Although bull-dozing and roading on site were underway a very determined SPOKSSA carried on innovative fundraising, Gerry Clark made a sponsored solo voyage around N.Z in his 21 foot sloop, and SPOKSSA built a replica Maori village or kainga on the headland opposite Kororipo Pa on land owned by Nancy Pickmere at a rental of one dollar per year and charged an entry fee. A petition to parliament with 6,000 signatures was presented and there were demonstrations by many including Nancy Pickmere, the Kerikeri historian, and Joyce Mason (my main sources) and my mother-in-law Rona Swallow was present. At length acquisition under the Public Works Act was announced in 1970 but then rescinded weeks later and bulldozing resumed. The Society continued agitating and the owner sold it 6.75 acres for $58,000 with a settlement in March 1972 with $30,000 in cash and leaving a debt of $18,200 outstanding. At length, after a campaign of five years and a change of government, the Crown paid off the existing mortgages and in July 1974, at last the area across the basin was in public hands. A close-run thing. Instead of a view across the basin of Kororipo Pa we would have now been staring at 118 houses.


The roads and curbing were torn up, the Kororipo area was sown with grass and the metal used to form the carpark. The government carried on buying other local properties in the basin including Nancy Pickmere’s land on which Rewas village stands. Ernest Kemp gifted Kemp House in 1974 and in 1975 the Historic Places Trust bought the Stone Store from the Kemps and undertook significant restoration work in the 1990s, while the Mason and Parmiter families gifted land in the Basin. Further up the river Ken and Jeffray Proctor donated 4.85 ha of land forming the Rainbow Falls Scenic Reserve to the Crown (and also donated $650,000 for the Kerikeri library). The track linking the Rainbow Falls to the Kerikeri Basin was built in the late 1970s by the Lands and Survey Department.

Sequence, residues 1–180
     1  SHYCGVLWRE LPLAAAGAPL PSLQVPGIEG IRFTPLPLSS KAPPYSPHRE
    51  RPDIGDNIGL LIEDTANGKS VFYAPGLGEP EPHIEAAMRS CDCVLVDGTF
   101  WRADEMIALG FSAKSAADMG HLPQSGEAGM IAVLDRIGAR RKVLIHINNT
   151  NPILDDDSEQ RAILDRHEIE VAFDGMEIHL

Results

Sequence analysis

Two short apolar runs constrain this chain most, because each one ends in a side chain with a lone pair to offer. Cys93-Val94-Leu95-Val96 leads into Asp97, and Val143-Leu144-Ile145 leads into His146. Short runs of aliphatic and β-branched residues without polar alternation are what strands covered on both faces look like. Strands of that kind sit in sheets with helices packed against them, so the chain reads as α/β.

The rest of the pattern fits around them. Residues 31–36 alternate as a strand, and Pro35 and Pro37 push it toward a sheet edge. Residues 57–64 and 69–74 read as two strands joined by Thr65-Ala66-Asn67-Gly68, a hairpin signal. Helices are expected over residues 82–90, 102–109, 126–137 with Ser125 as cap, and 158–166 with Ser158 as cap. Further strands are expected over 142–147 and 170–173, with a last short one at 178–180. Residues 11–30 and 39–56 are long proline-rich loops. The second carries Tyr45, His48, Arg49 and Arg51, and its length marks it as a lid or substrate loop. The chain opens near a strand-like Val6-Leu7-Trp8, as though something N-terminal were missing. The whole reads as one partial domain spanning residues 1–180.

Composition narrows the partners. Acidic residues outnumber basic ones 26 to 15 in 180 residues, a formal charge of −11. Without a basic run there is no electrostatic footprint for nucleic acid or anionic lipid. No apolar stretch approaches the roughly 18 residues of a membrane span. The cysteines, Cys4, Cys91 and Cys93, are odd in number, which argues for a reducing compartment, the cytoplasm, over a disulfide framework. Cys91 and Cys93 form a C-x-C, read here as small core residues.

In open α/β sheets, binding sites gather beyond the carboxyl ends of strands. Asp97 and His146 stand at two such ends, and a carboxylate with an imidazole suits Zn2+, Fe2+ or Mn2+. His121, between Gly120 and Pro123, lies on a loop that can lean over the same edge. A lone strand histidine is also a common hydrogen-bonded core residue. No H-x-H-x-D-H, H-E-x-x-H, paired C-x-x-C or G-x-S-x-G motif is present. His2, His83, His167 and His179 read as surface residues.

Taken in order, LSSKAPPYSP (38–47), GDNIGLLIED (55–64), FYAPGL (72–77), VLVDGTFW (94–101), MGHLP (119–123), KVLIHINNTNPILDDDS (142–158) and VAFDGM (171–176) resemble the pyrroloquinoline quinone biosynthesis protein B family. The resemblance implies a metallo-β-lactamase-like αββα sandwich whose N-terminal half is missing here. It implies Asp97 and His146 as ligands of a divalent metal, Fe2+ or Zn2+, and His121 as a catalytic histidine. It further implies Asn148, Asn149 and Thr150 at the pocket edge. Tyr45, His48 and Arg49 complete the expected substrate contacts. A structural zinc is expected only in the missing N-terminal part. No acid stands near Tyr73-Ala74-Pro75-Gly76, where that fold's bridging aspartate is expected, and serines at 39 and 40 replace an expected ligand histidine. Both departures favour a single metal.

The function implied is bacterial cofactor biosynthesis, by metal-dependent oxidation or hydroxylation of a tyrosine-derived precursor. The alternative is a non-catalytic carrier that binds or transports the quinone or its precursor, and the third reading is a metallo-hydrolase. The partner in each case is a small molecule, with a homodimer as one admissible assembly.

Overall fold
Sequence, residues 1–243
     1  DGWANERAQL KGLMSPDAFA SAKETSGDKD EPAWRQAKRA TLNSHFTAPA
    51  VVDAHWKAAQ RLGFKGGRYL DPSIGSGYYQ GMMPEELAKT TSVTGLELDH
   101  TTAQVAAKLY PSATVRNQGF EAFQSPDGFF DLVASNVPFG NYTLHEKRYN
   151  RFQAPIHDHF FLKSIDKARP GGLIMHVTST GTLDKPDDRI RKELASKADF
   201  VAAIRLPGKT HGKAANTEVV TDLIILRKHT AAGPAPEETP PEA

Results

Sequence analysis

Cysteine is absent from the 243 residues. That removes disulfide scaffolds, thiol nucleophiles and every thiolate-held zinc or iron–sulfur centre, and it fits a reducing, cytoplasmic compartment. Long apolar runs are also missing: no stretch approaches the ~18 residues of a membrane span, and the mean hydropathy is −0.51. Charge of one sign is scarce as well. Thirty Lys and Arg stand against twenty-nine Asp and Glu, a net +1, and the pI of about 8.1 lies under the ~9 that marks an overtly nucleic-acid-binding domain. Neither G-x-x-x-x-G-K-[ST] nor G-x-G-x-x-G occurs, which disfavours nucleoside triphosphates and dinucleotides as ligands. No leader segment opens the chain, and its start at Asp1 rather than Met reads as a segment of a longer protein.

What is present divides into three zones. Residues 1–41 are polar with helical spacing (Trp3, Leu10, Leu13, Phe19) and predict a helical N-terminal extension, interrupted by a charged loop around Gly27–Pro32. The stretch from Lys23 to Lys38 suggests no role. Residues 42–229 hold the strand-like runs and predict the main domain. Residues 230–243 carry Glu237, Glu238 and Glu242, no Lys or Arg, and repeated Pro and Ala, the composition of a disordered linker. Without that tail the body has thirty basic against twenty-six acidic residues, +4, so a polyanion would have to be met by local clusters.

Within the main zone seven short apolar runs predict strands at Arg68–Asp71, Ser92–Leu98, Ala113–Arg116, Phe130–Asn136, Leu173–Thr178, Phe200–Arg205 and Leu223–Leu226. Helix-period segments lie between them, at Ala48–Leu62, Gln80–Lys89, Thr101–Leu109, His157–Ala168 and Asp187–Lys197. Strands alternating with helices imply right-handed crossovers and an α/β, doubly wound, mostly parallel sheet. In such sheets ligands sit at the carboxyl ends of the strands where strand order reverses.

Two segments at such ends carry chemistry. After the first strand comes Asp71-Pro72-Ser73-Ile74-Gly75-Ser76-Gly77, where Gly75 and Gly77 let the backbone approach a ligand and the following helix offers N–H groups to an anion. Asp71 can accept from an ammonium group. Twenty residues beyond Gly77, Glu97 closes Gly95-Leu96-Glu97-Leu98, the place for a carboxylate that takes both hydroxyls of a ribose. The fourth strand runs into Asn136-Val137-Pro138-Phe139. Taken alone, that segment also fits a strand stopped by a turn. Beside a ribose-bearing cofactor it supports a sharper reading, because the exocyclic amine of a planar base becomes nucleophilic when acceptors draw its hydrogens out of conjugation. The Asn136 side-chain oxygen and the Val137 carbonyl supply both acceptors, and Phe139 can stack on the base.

In 1981 a flood came close to destroying Kemp House and ultimately in 2008 the Heritage by-pass bridge was built, and replaced the one-way road bridge across the ford that dammed the river in floods which was then removed. This has protected the historic buildings and was financed by the Ministry of Culture and Helen Clark. In 2010 a pedestrian bridge crossing the river was erected.


In 2004 DOC set about planning for sustainable development of the Kororipo-Kerikeri Basin, which by then totalled 29.19 hectares, to protect and enhance the area. The wharf area was restored and signage explaining the history was installed in 2016 and in 2017 and some eucalypts were felled to give view shafts.


The absence of any Maori participation in this historic area had long been of concern to both SPOKSSA and Ngati Rehia and after much discussion and with the volunteers age making it difficult for SPOKSSA to keep Rewas Village operational, it was transferred to Ngati Rehia in 2012. In 2020 $1.25M was granted from the Provincial Growth Fund which enabled Ngati Rehia to give it a serious makeover and in 2021 was reopened as Te Ahurea, which means culture in Maori, and provided a Maori perspective on this important historical and cultural area.

Summary

Kerikeri has got away again with less than adequate strategic planning. We should be grateful to SPOKSSA which saved this historic area for Kerikeri and indeed the nation. It was a bottom-up community campaign driven by concerned citizens. It was a fortunate unplanned outcome.

There is a lesson here. The Bay of Islands County did not come out of this smelling of roses. Planning under Kerikeri under FNDC still happens in an ad hoc, unplanned way with community proposals typically ignored.


Part 1 of Planning in Kerikeri